What is 'Breakage'

Breakage is a term that refers to revenue gained by retailers through unredeemed gift cards or other prepaid services which are never claimed. In these cases, money for prepaid phone cards, gift cards or other prepaid services is received by the company, but the company never ends up providing the service or item for which the client paid. Nearly all of this money is considered profit to the company. Accounting uncertainty due to breakage has been a recurring problem throughout the years.


Breakage has been an accounting issue for a long time. Some companies have been accused of inflating their revenue figures with breakage estimates. In 2006, it was estimated that consumers lost over $8 billion annually due to breakage. Most retailers no longer place restrictions (i.e., dormancy fees, expiration dates, etc.) on their gift cards to eliminate the accounting uncertainty they create. In 2007, the FTC settled a case it brought against Darden Restaurants for failure to disclose its gift cards dormancy fees and reached the same outcome in a similar action it filed against Kmart. The rulings required both companies to reimburse customers who lost money due to the inadequately disclosed gift card fees.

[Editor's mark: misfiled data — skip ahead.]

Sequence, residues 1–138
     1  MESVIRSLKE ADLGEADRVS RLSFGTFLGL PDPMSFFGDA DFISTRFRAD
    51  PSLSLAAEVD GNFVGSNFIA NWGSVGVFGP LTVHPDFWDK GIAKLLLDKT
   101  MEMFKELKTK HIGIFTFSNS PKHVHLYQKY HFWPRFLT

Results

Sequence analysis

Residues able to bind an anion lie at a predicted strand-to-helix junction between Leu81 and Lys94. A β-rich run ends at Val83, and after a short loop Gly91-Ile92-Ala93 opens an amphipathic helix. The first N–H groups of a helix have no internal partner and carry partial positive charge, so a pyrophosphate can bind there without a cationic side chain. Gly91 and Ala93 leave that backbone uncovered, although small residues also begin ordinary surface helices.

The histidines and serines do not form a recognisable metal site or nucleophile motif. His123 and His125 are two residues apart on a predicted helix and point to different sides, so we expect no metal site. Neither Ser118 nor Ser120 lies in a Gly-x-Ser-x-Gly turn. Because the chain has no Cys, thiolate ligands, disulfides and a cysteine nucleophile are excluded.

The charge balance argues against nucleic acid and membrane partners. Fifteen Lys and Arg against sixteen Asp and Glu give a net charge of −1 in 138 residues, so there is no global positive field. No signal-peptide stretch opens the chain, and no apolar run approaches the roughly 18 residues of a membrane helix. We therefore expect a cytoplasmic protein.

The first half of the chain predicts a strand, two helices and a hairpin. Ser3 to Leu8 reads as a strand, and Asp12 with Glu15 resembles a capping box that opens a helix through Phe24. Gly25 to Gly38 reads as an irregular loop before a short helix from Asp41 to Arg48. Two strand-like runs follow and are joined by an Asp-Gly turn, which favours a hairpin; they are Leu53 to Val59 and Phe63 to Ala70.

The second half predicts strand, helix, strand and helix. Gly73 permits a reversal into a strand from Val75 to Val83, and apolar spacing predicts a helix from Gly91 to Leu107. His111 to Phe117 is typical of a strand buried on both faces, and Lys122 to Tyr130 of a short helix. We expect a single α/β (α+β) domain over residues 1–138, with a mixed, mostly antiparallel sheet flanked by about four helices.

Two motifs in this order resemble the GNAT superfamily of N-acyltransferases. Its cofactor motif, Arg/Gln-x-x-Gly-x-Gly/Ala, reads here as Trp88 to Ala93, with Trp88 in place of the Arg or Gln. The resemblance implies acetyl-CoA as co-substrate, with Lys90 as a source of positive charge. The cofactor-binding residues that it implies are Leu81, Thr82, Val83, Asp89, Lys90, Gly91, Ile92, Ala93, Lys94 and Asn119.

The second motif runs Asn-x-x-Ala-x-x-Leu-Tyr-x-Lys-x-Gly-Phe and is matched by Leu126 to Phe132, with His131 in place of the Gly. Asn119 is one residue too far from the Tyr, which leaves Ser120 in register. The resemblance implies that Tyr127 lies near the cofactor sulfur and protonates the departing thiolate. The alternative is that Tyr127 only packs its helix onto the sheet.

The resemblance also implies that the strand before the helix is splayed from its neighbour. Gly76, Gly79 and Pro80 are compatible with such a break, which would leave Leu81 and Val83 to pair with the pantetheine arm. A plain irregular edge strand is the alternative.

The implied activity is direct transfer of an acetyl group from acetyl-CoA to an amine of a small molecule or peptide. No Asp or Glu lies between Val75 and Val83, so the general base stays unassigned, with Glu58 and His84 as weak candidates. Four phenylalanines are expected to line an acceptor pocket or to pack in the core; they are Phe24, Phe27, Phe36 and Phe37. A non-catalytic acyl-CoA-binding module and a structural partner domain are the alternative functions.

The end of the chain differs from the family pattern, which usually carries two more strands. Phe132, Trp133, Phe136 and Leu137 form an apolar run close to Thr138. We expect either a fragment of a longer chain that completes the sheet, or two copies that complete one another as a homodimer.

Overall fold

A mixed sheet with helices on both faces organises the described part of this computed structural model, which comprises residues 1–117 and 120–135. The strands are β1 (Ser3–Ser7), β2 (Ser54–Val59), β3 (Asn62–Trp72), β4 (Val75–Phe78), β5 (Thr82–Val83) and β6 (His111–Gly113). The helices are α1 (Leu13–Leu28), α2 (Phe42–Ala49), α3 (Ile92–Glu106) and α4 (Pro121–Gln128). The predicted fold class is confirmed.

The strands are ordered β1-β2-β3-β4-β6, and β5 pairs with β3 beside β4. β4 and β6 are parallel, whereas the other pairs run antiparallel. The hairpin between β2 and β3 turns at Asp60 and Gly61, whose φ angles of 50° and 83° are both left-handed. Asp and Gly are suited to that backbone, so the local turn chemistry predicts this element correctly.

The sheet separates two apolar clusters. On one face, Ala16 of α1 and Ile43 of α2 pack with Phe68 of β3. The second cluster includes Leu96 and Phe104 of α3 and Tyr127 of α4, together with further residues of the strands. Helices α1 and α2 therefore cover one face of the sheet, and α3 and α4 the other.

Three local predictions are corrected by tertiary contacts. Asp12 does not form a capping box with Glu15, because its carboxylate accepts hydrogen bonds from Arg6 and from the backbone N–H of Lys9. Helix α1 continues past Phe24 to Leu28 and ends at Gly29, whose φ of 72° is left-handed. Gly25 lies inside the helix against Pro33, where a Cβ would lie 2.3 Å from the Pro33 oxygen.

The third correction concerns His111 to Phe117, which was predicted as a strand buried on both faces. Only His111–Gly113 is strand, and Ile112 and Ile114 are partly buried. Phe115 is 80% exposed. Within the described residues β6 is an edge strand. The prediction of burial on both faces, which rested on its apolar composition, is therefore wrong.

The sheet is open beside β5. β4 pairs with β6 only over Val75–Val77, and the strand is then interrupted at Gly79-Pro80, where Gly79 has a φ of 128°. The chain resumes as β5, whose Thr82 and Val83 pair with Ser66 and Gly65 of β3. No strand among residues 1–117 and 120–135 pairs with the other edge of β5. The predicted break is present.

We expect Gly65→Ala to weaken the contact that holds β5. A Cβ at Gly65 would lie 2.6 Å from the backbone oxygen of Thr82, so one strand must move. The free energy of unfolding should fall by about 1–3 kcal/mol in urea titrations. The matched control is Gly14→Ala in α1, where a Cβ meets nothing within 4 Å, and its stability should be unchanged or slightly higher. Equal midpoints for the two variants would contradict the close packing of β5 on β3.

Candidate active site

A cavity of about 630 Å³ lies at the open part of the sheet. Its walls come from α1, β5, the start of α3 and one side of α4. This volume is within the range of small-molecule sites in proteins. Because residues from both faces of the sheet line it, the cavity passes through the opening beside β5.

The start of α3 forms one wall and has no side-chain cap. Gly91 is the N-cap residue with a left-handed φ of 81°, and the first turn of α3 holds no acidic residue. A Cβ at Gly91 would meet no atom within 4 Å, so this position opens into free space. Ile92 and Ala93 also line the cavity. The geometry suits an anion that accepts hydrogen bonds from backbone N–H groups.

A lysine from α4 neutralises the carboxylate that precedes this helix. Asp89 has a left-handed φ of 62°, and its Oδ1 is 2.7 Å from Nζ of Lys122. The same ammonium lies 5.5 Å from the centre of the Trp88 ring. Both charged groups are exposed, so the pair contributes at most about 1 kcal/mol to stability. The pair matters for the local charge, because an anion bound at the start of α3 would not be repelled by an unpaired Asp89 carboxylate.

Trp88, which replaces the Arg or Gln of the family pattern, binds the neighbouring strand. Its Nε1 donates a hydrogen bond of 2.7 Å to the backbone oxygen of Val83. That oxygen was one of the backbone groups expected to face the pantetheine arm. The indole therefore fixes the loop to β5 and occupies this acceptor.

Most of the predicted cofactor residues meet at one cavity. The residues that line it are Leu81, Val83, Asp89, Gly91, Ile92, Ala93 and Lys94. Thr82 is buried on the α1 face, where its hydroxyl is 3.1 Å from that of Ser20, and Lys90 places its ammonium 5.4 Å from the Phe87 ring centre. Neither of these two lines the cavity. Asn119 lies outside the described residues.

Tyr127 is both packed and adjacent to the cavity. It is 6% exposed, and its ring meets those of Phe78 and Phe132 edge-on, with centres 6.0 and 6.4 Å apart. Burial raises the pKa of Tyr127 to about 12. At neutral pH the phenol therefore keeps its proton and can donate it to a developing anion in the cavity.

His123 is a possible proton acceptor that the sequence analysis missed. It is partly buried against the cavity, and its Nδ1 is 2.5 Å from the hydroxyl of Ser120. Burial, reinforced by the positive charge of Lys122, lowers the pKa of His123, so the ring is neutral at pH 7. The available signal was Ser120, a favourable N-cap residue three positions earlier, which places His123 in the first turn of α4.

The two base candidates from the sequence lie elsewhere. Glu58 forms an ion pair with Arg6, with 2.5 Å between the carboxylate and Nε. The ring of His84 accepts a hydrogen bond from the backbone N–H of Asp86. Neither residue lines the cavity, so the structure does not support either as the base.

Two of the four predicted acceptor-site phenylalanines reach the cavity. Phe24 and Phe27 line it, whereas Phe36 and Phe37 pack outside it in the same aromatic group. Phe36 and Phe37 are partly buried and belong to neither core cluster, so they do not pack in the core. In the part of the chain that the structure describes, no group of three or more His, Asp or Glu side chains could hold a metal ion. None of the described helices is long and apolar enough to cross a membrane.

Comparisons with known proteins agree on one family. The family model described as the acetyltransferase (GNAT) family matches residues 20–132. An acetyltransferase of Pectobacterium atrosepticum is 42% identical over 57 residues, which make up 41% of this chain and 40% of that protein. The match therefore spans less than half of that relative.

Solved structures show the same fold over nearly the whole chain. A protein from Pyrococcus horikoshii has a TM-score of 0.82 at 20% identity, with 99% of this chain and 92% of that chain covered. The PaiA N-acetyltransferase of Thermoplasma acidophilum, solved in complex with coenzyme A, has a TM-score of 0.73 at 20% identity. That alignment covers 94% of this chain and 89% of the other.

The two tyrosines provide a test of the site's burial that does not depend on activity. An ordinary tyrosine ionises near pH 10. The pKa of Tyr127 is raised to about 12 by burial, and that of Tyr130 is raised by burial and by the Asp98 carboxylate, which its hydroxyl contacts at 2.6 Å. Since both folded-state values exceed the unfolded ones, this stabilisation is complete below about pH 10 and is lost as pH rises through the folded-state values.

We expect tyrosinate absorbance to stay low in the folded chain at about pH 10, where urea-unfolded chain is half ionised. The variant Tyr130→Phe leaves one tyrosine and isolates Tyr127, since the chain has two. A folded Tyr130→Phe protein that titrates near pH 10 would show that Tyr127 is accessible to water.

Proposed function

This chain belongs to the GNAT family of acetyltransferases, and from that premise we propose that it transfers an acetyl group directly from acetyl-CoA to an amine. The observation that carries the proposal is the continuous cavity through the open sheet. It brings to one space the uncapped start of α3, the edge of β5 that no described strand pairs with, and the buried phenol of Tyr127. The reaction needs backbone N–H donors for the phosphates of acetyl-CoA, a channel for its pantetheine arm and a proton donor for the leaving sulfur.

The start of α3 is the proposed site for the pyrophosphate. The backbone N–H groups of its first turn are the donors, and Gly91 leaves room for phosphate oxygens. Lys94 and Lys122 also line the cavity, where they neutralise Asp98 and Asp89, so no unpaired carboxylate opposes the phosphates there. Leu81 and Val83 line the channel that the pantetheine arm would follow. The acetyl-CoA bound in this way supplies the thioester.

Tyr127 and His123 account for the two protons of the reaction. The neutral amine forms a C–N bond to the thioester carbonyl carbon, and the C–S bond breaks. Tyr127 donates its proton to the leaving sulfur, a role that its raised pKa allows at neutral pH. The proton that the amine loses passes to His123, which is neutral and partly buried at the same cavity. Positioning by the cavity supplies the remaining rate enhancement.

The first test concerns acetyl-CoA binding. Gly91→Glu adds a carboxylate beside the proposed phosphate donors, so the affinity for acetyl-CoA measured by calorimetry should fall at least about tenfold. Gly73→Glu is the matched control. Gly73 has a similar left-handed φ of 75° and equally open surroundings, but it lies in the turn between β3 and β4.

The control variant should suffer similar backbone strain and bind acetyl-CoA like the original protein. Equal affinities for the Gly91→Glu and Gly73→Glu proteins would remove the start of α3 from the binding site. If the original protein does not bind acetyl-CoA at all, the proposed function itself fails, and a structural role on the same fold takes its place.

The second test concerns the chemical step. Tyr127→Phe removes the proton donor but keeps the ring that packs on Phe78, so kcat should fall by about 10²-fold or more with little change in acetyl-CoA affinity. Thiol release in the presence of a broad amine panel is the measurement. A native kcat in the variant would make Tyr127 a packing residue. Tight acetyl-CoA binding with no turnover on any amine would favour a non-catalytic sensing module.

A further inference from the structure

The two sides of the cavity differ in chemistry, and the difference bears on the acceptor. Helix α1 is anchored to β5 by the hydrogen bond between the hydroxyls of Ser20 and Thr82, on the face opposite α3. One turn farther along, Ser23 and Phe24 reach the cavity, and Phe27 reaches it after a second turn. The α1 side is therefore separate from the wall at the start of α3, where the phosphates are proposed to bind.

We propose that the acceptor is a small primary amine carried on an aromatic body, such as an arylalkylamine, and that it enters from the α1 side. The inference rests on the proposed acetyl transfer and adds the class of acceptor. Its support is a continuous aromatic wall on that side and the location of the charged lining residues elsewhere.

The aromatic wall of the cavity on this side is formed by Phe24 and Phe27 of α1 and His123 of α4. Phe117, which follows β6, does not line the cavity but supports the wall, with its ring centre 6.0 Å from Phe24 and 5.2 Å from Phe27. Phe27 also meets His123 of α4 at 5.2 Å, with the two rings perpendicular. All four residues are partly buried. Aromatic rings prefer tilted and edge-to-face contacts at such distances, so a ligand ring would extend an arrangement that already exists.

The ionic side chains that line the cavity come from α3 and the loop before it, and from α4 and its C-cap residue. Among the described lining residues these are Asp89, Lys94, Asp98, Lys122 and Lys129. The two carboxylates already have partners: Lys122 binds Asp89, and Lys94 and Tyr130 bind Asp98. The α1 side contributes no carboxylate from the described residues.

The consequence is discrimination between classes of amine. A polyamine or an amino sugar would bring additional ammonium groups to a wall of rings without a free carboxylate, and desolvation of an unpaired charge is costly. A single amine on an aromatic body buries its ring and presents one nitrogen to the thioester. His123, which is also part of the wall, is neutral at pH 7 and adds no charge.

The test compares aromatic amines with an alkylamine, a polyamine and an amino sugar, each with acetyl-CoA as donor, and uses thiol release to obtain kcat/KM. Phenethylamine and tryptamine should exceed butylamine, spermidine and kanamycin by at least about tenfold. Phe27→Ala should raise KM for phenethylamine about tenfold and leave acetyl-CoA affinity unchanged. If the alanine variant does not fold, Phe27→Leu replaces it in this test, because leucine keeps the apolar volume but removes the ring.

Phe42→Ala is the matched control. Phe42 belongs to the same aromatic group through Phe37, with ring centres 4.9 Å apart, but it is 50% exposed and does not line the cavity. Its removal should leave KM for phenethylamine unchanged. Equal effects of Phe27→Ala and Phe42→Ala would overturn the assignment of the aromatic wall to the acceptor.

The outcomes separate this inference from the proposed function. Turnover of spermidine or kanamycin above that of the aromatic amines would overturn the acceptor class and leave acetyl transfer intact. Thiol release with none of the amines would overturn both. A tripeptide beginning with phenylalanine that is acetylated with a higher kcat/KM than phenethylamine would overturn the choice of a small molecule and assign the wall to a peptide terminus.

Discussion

Breakage Solutions

The FASB's new model for accounting for prepaid services and goods and the breakage that goes along with selling these items is aimed at creating a more transparent method of financial reporting.

To help reduce the accounting ambiguity caused by reporting breakage, the Financial Accounting Standards Board (FASB) released an Accounting Standards Update in 2016 requiring that companies start complying with new guidelines for recording liabilities associated with gift card and other prepaid service sales and revenue/profits associated with breakage. The new standards rolled out in waves according to company type, and all affected companies are expected to adopt the changes by their fiscal year before December 15, 2019.

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